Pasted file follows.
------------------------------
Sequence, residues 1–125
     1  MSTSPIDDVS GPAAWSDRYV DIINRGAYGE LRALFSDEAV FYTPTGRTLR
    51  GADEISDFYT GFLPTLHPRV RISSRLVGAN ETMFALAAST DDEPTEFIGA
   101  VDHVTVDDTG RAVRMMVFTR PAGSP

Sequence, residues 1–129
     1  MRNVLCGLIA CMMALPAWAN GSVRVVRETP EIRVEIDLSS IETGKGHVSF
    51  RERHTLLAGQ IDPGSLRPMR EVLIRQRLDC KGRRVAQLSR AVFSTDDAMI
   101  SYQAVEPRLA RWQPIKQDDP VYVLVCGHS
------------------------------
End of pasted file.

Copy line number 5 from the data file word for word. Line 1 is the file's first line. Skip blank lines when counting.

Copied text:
Sequence, residues 1–129